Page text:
The economy can be subdivided into three categories. The first, which he calls “material life”, is made up of the infinite, informal transactions that form our daily lives. The second, the “market economy”, is where individuals conduct business, establishing a link between production and consumption. The third, finally, is “capitalism”...an ensemble of processes that allow one to extricate oneself from the trivialities of commerce and pursue increasing returns to scale. The market economy is the world of merchants, those who buy and sell while taking a small margin as items pass through their hands. Capitalism, on the other hand, is the world of the traders, financiers, and entrepreneurs who...attenuate the rigorous competition in the market economy by “inserting” capital into the production process.
The connection of the idea above with the world of early-stage startups was revealed in a Paul Graham classic, Startup = Growth:
For a company to grow really big, it must (a) make something lots of people want, and (b) reach and serve all those people. Barbershops are doing fine in the (a) department. Almost everyone needs their hair cut. The problem for a barbershop, as for any retail establishment, is (b). A barbershop serves customers in person, and few will travel far for a haircut. And even if they did, the barbershop couldn't accommodate them.
Writing software is a great way to solve (b), but you can still end up constrained in (a). If you write software to teach Tibetan to Hungarian speakers, you'll be able to reach most of the people who want it, but there won't be many of them. If you make software to teach English to Chinese speakers, however, you're in startup territory.
Most businesses are tightly constrained in (a) or (b). The distinctive feature of successful startups is that they're not.
It’s quite straightforward! The barbershop is part of Braudel’s “market economy”: there’s not much room for strategic positioning in the barbershop business, where the health of your business mostly depends on the location of the shop. Conversely, a startup is clearly playing the game of capitalism—willing to lose money (= deploying capital) for as long as it takes in order to generate increasing returns to scale and enjoy the exponential growth that sets them apart. In doing so, they’re using strategic positioning.
Which brings me to my fourth point: There is now a school of thinking when it comes to strategy applied to early-stage startups, and I think we should call it the school of uncertainty! Two authors in particular stand out in that realm.
There is a fundamental difference between [risk and uncertainty] that must be understood (...) The work risk means that the exact future that will result is unknown, but the different possible futures are knowable in a way that allows you to plan by calculating how likely different possible futures are and taking clearly sensible actions based on those calculations. (...) True uncertainty is uncertainty that cannot be measured and cannot be eliminated using strategies chosen based on likelihoods of outcomes. (...) The existential threat from true uncertainty can undoubtedly be terrifying, but it also represents opportunity for innovation. Where the future is uncertain, people and organizations have to influence what it becomes.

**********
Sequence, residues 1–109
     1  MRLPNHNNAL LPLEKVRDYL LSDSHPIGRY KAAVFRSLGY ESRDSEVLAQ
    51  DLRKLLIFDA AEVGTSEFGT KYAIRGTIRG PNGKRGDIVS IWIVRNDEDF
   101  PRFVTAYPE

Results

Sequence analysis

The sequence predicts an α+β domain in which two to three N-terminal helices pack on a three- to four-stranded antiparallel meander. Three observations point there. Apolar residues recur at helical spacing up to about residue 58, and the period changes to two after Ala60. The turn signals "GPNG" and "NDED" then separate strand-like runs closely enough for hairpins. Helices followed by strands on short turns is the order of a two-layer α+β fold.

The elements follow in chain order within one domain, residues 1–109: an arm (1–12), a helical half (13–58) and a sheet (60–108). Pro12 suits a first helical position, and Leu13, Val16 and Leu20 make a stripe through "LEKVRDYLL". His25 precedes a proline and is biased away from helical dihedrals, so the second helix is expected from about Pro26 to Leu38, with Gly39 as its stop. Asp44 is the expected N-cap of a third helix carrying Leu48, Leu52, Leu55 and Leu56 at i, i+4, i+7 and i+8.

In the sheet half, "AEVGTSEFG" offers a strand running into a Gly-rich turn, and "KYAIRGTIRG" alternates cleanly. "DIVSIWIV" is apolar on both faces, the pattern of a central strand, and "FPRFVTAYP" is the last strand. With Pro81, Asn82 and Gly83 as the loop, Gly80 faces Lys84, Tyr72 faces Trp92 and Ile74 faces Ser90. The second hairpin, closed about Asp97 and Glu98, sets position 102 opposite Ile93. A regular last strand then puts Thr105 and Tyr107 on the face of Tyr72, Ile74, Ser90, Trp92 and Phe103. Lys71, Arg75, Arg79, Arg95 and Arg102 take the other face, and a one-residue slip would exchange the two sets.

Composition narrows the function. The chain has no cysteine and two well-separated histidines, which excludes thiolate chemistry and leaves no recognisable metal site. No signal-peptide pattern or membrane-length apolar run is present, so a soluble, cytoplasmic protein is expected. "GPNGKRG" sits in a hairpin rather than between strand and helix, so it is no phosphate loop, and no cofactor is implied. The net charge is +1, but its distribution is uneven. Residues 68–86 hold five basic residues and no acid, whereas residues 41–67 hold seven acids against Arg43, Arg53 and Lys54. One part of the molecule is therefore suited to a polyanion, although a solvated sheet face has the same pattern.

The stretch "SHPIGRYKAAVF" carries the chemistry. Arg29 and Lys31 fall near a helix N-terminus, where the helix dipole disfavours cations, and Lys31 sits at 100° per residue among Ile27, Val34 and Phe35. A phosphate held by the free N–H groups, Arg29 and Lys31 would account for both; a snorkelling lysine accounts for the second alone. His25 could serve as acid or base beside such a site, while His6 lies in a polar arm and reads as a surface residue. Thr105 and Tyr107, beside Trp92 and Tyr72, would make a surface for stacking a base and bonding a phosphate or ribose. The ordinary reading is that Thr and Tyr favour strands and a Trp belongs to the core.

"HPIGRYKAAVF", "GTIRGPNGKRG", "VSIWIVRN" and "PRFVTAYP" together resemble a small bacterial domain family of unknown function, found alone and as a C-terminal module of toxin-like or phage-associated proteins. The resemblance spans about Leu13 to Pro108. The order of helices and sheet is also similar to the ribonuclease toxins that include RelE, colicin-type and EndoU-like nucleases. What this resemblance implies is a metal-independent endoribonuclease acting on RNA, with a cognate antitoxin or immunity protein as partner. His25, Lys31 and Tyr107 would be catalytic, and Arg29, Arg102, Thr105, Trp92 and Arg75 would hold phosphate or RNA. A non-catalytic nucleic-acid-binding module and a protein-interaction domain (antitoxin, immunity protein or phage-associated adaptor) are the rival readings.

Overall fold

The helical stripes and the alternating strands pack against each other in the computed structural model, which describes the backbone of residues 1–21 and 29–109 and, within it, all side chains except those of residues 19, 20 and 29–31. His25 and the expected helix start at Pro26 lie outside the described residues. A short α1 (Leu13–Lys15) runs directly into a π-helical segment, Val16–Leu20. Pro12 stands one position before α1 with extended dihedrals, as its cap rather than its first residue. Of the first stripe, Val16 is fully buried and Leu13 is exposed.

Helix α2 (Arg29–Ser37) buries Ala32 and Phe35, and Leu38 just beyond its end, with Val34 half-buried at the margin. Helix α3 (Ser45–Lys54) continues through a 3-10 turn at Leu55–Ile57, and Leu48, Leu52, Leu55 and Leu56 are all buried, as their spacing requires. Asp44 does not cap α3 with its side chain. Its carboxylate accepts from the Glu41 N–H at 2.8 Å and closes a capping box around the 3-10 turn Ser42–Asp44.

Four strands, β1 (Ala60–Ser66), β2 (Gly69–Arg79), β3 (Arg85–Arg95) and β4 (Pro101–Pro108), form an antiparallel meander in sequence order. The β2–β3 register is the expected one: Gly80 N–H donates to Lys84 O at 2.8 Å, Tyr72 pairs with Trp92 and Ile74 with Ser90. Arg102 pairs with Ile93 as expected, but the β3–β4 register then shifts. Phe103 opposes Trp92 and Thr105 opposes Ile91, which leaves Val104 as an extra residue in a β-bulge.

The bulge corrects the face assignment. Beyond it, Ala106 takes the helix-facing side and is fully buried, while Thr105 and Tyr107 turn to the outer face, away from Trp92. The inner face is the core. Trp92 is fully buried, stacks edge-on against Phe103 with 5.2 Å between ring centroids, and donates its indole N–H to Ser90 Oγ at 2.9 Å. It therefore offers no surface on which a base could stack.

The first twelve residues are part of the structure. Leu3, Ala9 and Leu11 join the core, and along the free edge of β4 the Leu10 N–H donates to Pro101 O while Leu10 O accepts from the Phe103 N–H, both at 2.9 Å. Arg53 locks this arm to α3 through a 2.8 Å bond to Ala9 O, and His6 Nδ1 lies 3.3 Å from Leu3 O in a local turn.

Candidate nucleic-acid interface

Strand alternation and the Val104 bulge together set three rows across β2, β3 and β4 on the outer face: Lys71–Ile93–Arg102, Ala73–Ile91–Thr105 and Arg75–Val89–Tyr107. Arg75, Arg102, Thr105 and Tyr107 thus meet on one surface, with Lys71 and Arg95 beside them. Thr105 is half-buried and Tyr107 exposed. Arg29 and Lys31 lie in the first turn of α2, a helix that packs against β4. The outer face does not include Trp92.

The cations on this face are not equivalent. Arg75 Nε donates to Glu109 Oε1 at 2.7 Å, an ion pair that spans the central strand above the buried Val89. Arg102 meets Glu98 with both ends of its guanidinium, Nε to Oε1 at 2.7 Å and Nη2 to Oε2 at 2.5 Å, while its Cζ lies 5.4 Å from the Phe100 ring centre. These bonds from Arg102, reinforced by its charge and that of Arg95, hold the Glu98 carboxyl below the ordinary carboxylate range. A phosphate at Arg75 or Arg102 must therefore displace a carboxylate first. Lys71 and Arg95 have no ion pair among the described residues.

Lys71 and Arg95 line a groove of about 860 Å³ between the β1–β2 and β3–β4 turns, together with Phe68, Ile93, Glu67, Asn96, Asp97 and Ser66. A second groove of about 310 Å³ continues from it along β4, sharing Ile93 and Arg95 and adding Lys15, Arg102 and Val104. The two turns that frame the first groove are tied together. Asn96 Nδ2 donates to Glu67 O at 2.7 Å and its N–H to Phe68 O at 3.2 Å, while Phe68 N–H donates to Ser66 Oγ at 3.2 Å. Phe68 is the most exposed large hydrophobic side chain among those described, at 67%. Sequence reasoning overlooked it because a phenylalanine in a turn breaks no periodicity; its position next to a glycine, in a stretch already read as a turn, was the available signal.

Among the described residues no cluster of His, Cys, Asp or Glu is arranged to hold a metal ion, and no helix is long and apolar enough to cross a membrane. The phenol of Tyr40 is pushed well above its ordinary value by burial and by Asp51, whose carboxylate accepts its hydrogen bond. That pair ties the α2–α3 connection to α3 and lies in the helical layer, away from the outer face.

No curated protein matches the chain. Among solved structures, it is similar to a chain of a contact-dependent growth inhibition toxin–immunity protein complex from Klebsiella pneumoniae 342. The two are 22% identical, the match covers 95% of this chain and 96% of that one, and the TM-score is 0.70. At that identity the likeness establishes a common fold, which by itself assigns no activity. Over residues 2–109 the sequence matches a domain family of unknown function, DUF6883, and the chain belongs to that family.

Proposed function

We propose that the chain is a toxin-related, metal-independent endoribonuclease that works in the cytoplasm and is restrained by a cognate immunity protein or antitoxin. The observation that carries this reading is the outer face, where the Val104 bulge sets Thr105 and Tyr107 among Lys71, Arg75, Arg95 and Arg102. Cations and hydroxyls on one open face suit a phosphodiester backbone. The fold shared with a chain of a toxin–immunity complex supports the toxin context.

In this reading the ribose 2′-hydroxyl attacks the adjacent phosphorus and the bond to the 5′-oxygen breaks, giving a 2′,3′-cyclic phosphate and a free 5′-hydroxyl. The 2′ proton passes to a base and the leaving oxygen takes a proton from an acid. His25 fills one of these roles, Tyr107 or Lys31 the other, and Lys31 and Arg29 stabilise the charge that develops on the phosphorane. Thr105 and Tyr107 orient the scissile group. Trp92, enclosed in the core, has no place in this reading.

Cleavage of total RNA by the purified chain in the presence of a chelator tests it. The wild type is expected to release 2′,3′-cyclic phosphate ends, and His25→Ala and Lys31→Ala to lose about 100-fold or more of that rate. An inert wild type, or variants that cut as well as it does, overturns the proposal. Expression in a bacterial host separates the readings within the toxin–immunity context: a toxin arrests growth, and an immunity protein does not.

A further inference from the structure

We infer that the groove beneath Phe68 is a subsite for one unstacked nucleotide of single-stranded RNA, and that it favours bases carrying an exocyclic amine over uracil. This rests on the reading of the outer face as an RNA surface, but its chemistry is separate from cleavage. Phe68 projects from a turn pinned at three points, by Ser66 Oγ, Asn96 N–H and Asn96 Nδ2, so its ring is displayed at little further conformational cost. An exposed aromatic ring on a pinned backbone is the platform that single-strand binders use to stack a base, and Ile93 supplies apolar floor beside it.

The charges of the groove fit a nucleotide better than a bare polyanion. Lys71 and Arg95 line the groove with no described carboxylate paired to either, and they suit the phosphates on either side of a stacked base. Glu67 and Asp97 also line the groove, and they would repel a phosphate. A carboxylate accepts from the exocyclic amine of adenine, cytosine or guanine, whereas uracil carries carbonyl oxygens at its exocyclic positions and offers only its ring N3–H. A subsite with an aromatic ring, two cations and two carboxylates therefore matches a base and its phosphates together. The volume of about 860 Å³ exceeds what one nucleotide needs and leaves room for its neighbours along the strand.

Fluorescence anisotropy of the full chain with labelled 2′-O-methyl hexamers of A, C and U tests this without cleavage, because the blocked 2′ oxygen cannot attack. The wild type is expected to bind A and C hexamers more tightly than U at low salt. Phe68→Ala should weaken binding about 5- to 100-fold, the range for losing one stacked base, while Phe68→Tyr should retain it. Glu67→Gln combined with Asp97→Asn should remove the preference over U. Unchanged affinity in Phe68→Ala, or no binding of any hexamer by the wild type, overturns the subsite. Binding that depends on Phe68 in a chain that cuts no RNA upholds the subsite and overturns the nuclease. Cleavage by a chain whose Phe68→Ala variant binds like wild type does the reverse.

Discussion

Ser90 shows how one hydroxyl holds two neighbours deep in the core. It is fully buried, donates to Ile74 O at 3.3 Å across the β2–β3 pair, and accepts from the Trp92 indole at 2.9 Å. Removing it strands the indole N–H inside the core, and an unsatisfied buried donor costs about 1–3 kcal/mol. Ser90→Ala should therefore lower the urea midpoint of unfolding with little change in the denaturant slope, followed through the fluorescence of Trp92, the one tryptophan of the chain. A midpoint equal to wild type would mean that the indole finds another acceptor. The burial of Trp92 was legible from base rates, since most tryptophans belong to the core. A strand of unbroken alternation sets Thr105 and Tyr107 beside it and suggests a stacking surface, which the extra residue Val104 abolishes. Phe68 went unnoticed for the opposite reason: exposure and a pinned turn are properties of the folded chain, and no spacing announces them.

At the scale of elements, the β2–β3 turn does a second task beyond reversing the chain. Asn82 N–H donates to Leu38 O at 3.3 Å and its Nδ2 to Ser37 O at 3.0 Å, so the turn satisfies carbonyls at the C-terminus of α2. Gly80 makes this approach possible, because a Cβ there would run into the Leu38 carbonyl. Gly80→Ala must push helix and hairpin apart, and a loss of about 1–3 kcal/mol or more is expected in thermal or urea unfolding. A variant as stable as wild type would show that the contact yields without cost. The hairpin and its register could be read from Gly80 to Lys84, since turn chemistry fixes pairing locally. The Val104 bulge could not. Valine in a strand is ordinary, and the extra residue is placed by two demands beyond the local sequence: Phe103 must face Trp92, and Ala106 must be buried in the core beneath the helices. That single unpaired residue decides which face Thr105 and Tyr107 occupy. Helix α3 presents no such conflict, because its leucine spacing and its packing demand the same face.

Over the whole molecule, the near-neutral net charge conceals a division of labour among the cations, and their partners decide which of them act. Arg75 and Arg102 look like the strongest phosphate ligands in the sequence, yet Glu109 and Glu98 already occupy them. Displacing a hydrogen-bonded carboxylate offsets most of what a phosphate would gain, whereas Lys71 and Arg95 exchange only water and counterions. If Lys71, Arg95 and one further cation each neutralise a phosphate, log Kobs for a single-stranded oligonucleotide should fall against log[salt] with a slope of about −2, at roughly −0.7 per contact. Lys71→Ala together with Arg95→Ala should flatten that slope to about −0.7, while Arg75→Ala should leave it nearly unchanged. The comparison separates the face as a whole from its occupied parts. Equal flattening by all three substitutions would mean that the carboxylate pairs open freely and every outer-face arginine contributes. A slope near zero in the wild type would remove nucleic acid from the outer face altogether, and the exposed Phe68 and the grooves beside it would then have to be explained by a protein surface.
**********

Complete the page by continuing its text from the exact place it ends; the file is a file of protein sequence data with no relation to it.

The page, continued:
The other is Jerry Neumann, about whose inspiring essay Productive Uncertainty I’ve written several times over the past weeks, notably in On Jerry Neumann's “Productive Uncertainty” (Round 1). Here’s a quote from Jerry’s essay:
Questions asked about things that are uncertain can not be answered, but these questions can be asked even if the eventual product and market are not entirely clear because the two types of uncertainties give such different answers. These answers should guide product and market strategy and be updated as these strategies progress. The goal of the strategy-making process is to determine the most protectable manifestation of the company’s innovation, which moats can be put in place, when they need to be in place, what needs to be done to build the moat, and how these activities can be intertwined with the designing, building, and commercializing of the product.
Go further by reading my December essay All About Risk and Uncertainty 👀
As you might remember, The Family has now pivoted to a fully remote model, whereby we work with a batch of 25-50 startups several times a year. One of the contributions I make to that key part of our business is hosting Friday online conversations with inspiring thinkers and practitioners in the field of business strategy. Over the next few weeks, I’m honored to host Vaughn Tan, whom I quoted above, as well as my old friend Ben Robinson of Aperture, with whom I’ll talk about “Business strategy for early-stage startups”—an idea in which I’m now a firm believer!
I’ll make sure to share more along the way. In the meantime, what do you think?
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From Munich, Germany 🇩🇪